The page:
Southside Johnny @ The Forum 22/06/17

5 stars (out of 5)

0

Horns ScrollerWant to know why Southside Johnny still has a fanatical fanbase after over forty years? It’s really simple: he has a stellar group of musicians working with him, they have a lot of fun, and the audience never knows what’s coming next. There are a few songs that are non-negotiable, but for the remainder of the set it’s like “Thunderbirds”; anything can happen. Where else would you hear someone drop a verse of the Ramones classic “I Wanna be Sedated” in the middle of an instrumental break. And, talking of surprises, who expected Gilson Lavis (Squeeze and the Jools Holland Rhythm and Blues Orchestra) to make a guest appearance for the blues classic “Key to the Highway”? And did you know that Johnny and Jeff Kazee are huge fans of Squeeze?

It isn’t just about Southside Johnny; it’s about a group of eight people who are very good at what they do – take a bow Jeff Kazee (keys), John Conte (bass), Tom Seguso (drums), Glenn Alexander (guitar), John Isley (tenor sax), Chris Anderson (trumpet) and Neal Pawley (trombone) – and to enjoy every minute of it. They can all sing, so the harmonies are spectacular, and they’re a band, not eight individuals (don’t take my word for it, read Jay Lustig’s just-published interview with the man himself).

Now if you come to a Jukes show expecting a carefully-choreographed run-through of the same songs they played last night, and the night before and so on, you came to the wrong show. The audience at a Jukes show expects to be surprised, they expect randoms (though I bet not too many expected “I Wanna be Sedated”) and they want the thrill of not knowing what’s going to happen next. Hell, most of the band don’t even know that. And what they got, from the piano intro and horn riff of “Love on the Wrong Side of Town” was about 135 minutes of old songs, new songs, Lyon/Kazee songs, Little Steven songs, covers, blistering solos from the horns, guitar and keys and just enough quiet moments to offer a contrast to the power of the rest of the set.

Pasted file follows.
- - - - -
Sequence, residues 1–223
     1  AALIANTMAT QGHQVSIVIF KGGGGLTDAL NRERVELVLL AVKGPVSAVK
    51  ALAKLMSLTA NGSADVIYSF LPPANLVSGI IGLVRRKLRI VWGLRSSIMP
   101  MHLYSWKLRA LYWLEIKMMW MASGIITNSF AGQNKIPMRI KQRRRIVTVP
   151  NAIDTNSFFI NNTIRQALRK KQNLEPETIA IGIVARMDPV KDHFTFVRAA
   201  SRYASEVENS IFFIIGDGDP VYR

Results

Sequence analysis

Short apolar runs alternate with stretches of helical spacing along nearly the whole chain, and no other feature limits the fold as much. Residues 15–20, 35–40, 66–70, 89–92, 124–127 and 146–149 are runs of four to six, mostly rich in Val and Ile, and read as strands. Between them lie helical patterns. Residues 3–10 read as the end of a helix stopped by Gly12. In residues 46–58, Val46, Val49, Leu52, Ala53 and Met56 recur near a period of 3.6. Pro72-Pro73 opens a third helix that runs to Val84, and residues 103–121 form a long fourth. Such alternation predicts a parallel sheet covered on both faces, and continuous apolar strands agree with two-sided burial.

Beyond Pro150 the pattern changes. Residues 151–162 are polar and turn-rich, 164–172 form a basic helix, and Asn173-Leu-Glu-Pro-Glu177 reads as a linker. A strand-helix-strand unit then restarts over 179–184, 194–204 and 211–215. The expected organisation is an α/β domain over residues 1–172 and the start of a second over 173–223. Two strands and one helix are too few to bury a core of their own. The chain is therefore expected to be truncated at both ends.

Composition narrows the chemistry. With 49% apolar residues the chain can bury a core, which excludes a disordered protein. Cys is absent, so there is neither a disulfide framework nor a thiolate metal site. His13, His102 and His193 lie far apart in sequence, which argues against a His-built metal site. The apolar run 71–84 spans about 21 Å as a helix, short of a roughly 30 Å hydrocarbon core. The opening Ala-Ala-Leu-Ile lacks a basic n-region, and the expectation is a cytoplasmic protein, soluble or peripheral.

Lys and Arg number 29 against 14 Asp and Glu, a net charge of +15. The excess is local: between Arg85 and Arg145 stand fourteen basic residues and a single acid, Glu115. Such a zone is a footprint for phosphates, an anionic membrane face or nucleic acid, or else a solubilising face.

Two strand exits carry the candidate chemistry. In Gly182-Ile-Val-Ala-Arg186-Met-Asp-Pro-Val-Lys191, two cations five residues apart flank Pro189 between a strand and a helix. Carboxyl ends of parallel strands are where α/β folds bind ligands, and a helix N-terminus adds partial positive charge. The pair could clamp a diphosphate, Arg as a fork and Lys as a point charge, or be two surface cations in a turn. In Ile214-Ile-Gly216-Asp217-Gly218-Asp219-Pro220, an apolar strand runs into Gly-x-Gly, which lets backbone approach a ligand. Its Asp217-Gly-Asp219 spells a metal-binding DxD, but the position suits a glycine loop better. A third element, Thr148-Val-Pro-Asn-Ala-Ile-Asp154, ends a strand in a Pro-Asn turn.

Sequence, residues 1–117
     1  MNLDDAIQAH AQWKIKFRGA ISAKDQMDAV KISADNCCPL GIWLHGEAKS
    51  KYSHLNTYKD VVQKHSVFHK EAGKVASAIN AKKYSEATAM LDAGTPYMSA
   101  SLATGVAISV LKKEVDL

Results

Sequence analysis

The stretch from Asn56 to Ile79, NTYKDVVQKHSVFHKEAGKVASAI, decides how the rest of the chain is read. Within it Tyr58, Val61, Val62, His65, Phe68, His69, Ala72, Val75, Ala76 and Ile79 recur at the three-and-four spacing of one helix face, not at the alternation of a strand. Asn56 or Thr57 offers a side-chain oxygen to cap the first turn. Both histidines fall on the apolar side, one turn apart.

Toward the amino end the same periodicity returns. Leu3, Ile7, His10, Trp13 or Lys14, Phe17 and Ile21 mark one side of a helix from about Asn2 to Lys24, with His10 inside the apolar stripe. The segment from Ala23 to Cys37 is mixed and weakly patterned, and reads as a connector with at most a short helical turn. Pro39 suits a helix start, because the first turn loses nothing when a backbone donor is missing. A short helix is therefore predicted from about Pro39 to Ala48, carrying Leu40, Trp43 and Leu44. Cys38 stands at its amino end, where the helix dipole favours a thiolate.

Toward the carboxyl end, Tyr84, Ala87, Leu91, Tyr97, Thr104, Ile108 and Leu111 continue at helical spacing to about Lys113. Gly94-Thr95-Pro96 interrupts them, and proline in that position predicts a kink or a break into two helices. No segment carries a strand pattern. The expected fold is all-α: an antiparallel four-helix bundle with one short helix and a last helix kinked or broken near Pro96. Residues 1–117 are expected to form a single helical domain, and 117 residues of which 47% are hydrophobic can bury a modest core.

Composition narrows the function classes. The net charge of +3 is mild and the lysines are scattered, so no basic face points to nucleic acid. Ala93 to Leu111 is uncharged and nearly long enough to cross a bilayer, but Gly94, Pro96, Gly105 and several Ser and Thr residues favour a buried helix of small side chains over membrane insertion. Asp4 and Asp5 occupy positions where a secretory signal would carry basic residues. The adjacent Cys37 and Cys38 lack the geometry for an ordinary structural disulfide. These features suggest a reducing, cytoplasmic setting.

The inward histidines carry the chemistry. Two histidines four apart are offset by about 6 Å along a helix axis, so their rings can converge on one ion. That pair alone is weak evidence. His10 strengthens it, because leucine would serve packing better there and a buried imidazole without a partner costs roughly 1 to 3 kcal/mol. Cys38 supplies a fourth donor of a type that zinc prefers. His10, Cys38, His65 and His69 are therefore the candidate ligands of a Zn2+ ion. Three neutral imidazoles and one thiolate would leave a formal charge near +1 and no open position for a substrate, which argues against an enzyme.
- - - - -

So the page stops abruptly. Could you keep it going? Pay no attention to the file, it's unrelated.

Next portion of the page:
And standouts for the night? Well, they hit the ground running with punchy versions of two early classics, “Love on the Wrong Side of Town” and “This Time It’s for Real” and then time-warped forward forty years to “Spinning” from “Soultime” and for over two hours it was a roller-coaster; all killer, no vanilla. You wanted blues; you got it. You wanted soul; you got it. You wanted rock; you got it. You got a singer who’s been in the business over forty years and still wants to go out every night and give every audience a unique experience aided and abetted by the best band in the business. It really doesn’t get any better than that, and every UK gig now is a bonus; make the most of it. Ladies and gentlemen, I give you Southside Johnny and the Asbury Jukes – living legends.

You can see the photos from the gig here.